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April 18, 2024

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Echoes of Vietnam war examined

Students were given the opportunity yesterday to learn about what has arguably been the most controversial decision in all of American foreign policy.

As a member of the history department at BGSU, Research Professor Gary Hess spoke on the lingering effects of the Vietnam war. His presentation, titled “Explaining America’s Lost War: The Forty-Year Debate over Vietnam,” chronicled both the effects left on our society from this time, as well as the representative mind sets of “doves” and “hawks” that have evolved since the war.

Those who were not in favor of a war developed what Hess termed an “orthodox interpretation.” They felt that the situation in Vietnam was unwinnable and should have not been entered into in the first place. Some interesting book titles which have been printed over the years exemplify this historic perspective: “The Making of a Quagmire”, “Washington Plans an Aggressive War” and “The Abuse of Power.”

From the “doves” perspective, the failure of an eight-year war by the French to defeat communist insurgence in Vietnam should have been, according to Hess, “a sobering lesson in the futility of western cultures trying to fight…in the Vietnamese jungles.”

The opposing viewpoint, referred to by Hess as the “revisionist theory,” examines the various ways that the Vietnam war could have been won, if only the U.S. military’s efforts were focused in different areas. Book titles from revisionist writers sharply contrast with those from the orthodox interpretation: “Rise and Fall of an American Army”, “Lost Victory” and “A Better War.”

Some revisionists claim that the U.S. failed to recognize that this was not a war of insurgency, but in fact a war of aggression by North Vietnam. They feel that military power should have been focused against N. Vietnam for a quick and decisive victory, Hess said.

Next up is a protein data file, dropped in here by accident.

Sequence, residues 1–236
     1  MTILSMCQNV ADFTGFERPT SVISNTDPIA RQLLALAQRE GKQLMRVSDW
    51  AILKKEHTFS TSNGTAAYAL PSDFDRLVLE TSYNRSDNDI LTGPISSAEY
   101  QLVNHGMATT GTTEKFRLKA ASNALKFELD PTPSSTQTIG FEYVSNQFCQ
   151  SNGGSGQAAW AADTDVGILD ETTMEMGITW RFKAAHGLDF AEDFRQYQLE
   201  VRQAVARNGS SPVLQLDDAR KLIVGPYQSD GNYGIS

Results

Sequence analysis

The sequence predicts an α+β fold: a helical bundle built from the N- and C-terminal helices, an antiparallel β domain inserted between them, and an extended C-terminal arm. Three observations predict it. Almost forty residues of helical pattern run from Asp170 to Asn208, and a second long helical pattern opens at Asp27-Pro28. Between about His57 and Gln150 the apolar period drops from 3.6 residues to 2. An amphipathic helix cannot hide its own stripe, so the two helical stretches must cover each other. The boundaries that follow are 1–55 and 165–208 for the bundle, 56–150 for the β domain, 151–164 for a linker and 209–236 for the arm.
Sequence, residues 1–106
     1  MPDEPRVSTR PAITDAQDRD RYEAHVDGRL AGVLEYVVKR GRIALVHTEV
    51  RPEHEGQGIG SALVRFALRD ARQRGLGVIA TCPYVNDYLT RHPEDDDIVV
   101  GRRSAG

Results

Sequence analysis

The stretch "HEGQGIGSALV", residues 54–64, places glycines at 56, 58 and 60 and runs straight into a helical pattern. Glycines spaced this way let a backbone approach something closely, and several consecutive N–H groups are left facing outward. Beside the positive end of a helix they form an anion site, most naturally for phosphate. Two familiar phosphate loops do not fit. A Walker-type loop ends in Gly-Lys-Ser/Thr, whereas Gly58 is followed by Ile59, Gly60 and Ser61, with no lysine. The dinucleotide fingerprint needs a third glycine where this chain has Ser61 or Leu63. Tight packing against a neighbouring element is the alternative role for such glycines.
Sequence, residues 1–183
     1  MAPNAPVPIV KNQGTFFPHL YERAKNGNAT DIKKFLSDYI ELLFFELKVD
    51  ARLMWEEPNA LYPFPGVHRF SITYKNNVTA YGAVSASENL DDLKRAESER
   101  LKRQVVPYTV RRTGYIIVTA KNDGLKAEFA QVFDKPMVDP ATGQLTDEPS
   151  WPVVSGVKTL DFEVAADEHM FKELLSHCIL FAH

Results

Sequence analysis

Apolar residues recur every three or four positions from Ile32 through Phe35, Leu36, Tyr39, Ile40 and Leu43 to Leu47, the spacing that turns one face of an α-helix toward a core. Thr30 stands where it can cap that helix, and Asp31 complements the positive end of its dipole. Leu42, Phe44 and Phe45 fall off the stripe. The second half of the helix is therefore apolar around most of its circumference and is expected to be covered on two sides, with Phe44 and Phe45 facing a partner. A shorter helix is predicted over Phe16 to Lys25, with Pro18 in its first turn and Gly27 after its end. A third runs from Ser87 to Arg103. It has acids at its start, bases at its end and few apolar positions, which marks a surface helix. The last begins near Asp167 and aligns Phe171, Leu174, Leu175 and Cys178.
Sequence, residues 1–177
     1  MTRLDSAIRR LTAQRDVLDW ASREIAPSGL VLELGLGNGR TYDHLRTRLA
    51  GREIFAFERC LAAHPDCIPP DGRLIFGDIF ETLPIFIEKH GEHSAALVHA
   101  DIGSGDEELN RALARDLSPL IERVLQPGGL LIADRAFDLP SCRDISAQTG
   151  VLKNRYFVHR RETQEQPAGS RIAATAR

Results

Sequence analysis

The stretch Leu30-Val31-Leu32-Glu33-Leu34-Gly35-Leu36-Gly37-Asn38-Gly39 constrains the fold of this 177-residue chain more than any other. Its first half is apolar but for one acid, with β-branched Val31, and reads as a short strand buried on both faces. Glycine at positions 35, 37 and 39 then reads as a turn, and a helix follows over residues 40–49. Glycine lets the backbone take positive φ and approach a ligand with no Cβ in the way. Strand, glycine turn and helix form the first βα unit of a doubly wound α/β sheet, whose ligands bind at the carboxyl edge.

Other revisionists contend that it was a “failure of will,” or overwhelming opposition on the home front, that doomed the American military in Vietnam.

“We were not allowed to win” was an often-used quote by revisionists, according to Hess. Those who prescribe to the “failure of will” proposal have blamed a “dovish” media for misrepresenting the war, as well as the anti-war movement for chipping away at soldiers’ morale and providing strength to the enemy.

Each of these “if only” arguments by historic revisionists has had its shortcomings, Hess explained.

“President Lyndon Johnson imposed restrictions on bombing N.Vietnam, and had promised not to invade the country for fear of intervention by China or the Soviet Union,” he said.

“No one would doubt the ineffectiveness of Johnson as a war-time President or Robert McNamara as a war-time Secretary of Defense,” Hess said. “Lyndon Johnson did few things right, but the determination to avoid a large war was correctly an overriding priority.”

In regards to the revisionist theory of a “dovish” media during the 1960s and 1970s, Hess said that studies of press and television coverage during that time show a general support for the war.

“Evidence of a liberal bias [in the media] is elusive,” he said.

When asked what has made the Vietnam war the most divisive act of foreign policy in American history, Hess referenced 58,000 U.S. military deaths, as well as it being the first war brought into the homes of America through television.

He felt that the gradual deterioration of support for the war was less a matter of what people saw on the news, and more a matter of “war-weariness” for what Hess termed as an “inconclusive, drawn out war that was fought halfway around the world.”

When we fast forward 40 years to present day, Hess pointed out that the lessons of the Vietnam war play a significant role in the way citizens and politicians feel about U.S. foreign policy.

“Today’s leadership is in the hands of people who grew up during Vietnam, and were shaped by this time,” he said.

Hess wrapped up his presentation with a rhetorical question that had been both posed and answered by professional journalist David Broder. “Will we ever recover from the 1960s?”

Broder’s conclusion followed.

“The reality is that on both sides of the 1960s culture war, the wounds are so deep they cannot be forgotten or forgiven,” he said. “The only thing that can save the country…is that the boomers are now in their 60s, and another generation will eventually come to power, and the country will finally be spared of constantly refighting these same battles.”

Hess believes that it’s valuable for students to examine controversies of the past as they grow and mature in college.

“I think it’s important to get a firm grasp of the world that young people are inheriting,” he said. “An important part of the world that you are inheriting today is the war in Vietnam.”

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